4th December 2010
Why Amartya Sen is not a classical liberal
I'm often asked by people (both Indians and Australians) what I think about Amartya Sen. I tell them that at least some of his ideas are dangerous!
They are surprised.
But there is nothing to be surprised if you know what I stand for and what Sen stands for. I stand for FREEDOM. Sen stands for ECONOMIC EQUALITY. That is the difference, in a nutshell. Sen talks and writes about freedom but he is essentially all about economic equality.
I do admire his work in theoretical welfare economics out of sheer curiosity – noting that welfare economics is (almost) totally irrelevant to policy making. Also, as an Indian I'm parochially pleased that a fellow Indian was given a Nobel prize (although in my view, Jagdish Bhagwati is more deserving). But my fundamental philosophical difference with Sen doesn't allow this happy parochialism to be sustained for long.
Sen's ideas resemble, in many ways, those of John Rawls, a social liberal. Both argue NOT in favour of negative liberty but in favour of positive liberty (see DOF for more about what this means), forgetting that a belief in positive liberty motivates the state to become the Big Thief, destroying the only liberty that counts – negative liberty.
In my draft manuscript, DOF, I've picked apart John Rawls's inconsistent, untenable arguments. Sen is inconsistent, as well. For instance, he writes about freedom on the one hand but advocates land reforms (i.e. redistribution) on the other, rejecting property rights. But such a view is impossible to sustain! There can't be freedom without assured property rights.
The classical liberal is comfortable with a social insurance scheme (not redistribution!) whereby we ensure a modicum of equal opportunity for all including a social minimum (through a negative income tax), emergency health care for all, and education of all children to age 18. But this standard classical liberal approach doesn't satisfy Sen. He wants to go well beyond this, to establish, for instance, an "entitlement over an adequate amount of food" (But I believe that while the social insurance program can top-up the income of those below the poverty line, that's where the role of the state comes to an end. If someone chooses thereafter not to eat food but to burn that money, that's his choice. We can't put food inside people's mouths. And the concept of responsibility is crucial to this equation).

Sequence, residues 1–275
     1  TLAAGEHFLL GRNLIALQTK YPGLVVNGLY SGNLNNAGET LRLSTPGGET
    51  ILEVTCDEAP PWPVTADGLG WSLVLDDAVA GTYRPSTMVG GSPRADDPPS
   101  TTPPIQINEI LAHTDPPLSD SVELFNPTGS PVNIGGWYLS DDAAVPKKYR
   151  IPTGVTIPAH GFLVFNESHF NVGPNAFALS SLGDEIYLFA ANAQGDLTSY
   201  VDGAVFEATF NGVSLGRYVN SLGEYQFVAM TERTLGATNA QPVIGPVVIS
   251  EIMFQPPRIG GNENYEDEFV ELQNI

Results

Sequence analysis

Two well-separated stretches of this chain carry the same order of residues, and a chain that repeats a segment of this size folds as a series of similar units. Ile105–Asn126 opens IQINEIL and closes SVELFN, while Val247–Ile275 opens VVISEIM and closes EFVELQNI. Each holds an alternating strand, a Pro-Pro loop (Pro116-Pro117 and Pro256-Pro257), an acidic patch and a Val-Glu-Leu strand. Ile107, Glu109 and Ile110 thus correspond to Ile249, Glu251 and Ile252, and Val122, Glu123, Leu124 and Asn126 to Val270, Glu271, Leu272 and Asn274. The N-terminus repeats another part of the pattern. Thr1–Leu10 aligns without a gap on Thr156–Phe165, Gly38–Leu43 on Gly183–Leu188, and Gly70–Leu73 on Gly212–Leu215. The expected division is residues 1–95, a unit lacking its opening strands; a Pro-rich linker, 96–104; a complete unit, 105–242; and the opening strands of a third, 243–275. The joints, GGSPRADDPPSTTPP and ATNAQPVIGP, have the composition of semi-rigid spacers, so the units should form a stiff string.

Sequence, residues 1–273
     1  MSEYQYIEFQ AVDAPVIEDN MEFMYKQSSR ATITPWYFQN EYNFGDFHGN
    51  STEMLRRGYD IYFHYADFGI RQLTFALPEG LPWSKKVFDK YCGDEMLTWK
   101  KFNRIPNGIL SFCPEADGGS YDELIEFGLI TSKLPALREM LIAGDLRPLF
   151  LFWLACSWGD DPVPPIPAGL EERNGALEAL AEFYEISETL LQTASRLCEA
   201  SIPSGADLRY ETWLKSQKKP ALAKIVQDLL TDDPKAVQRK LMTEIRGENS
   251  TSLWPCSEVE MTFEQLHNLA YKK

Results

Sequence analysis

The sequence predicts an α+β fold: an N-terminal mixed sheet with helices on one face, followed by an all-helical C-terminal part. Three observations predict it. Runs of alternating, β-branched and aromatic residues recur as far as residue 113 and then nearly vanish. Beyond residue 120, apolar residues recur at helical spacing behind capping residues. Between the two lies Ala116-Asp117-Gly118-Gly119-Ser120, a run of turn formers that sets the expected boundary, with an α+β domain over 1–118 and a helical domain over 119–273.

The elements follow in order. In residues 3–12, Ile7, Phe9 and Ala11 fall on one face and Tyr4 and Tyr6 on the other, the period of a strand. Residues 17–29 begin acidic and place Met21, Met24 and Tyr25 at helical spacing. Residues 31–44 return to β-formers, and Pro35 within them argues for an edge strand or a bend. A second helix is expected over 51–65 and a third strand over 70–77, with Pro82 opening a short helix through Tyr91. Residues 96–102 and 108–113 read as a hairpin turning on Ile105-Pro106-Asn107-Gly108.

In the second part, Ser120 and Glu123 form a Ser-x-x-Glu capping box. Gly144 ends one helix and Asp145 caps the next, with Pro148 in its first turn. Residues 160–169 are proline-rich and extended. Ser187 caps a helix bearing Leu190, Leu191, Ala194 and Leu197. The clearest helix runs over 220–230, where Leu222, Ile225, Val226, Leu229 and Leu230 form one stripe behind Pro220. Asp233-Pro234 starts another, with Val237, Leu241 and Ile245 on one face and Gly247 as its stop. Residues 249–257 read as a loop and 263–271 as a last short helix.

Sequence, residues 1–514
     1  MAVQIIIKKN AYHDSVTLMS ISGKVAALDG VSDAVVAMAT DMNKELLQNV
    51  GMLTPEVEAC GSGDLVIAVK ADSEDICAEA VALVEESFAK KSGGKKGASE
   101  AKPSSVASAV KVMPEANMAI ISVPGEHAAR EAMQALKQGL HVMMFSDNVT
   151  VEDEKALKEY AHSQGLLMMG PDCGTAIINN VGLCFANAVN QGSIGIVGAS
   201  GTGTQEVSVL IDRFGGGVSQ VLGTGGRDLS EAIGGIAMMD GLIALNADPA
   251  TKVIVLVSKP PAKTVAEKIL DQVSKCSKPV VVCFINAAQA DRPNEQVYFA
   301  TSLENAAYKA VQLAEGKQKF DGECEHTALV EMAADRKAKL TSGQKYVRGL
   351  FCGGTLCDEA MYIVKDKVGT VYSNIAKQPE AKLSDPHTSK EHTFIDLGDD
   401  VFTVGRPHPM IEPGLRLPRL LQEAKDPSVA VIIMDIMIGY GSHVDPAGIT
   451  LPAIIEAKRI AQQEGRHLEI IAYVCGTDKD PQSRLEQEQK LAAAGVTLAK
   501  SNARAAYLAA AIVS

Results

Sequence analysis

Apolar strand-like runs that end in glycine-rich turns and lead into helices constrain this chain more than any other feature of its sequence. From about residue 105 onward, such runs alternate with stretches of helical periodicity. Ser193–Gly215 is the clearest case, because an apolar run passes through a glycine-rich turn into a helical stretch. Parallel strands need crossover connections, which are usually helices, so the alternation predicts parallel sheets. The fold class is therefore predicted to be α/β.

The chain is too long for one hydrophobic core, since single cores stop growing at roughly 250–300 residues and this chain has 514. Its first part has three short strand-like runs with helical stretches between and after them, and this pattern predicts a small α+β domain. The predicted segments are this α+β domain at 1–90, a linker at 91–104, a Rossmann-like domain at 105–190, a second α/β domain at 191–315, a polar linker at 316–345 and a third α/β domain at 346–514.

Similarly, Sen is keen to reduce "inequality" between urban and rural areas. However, I believe that living in urban/rural areas is a personal choice: each has its advantages and disadvantages, and it is none of the business of the state to equalise anything, anyway. Let there be choice, and let the state not forcibly move people around as if they were pawns on a chessboard.
Sen's positive liberty agenda will ruin India – just as Nehruvian socialism destroyed India. The only good thing about Sen is that his is a more pro-market policy position than Nehru's was. But that's exactly where our agreements come to an end. He fails to understand that we CAN'T have the cake and eat it too. We can't have freedom and economic equality too. Nyet.
More importantly, ANY unjustified contamination of liberty with paternalism (since when is the liberal state our keeper?) will destroy wealth, impoverishing the entire nation. This is not how Adam Smith suggested that nations become rich. Sen would do well to read Adam Smith.
I don't have to say all this, actually. Sen knows well enough that he is not a classical liberal but a LEFTIST. In an interview given to the Outlook magazine (Millennium special, 1999, interviewed by Krishna Prasad) (see below – click for a bigger image) he notes, that "my own political position is distinctly on the left".
I rest my case. As Hayek said, "There is all the difference in the world between treating people equally and attempting to make them equal."
I DO NOT recommend Sen. By all means let him support foolish social democratic ideas in the West through his teachings. I trust, though, that the West will avoid its fascination with yet another proponent of social democracy. But for India's sake, let's scrupulously stay away from his ideas!
Directly related post: Amartya Sen’s nonsensical conception about freedom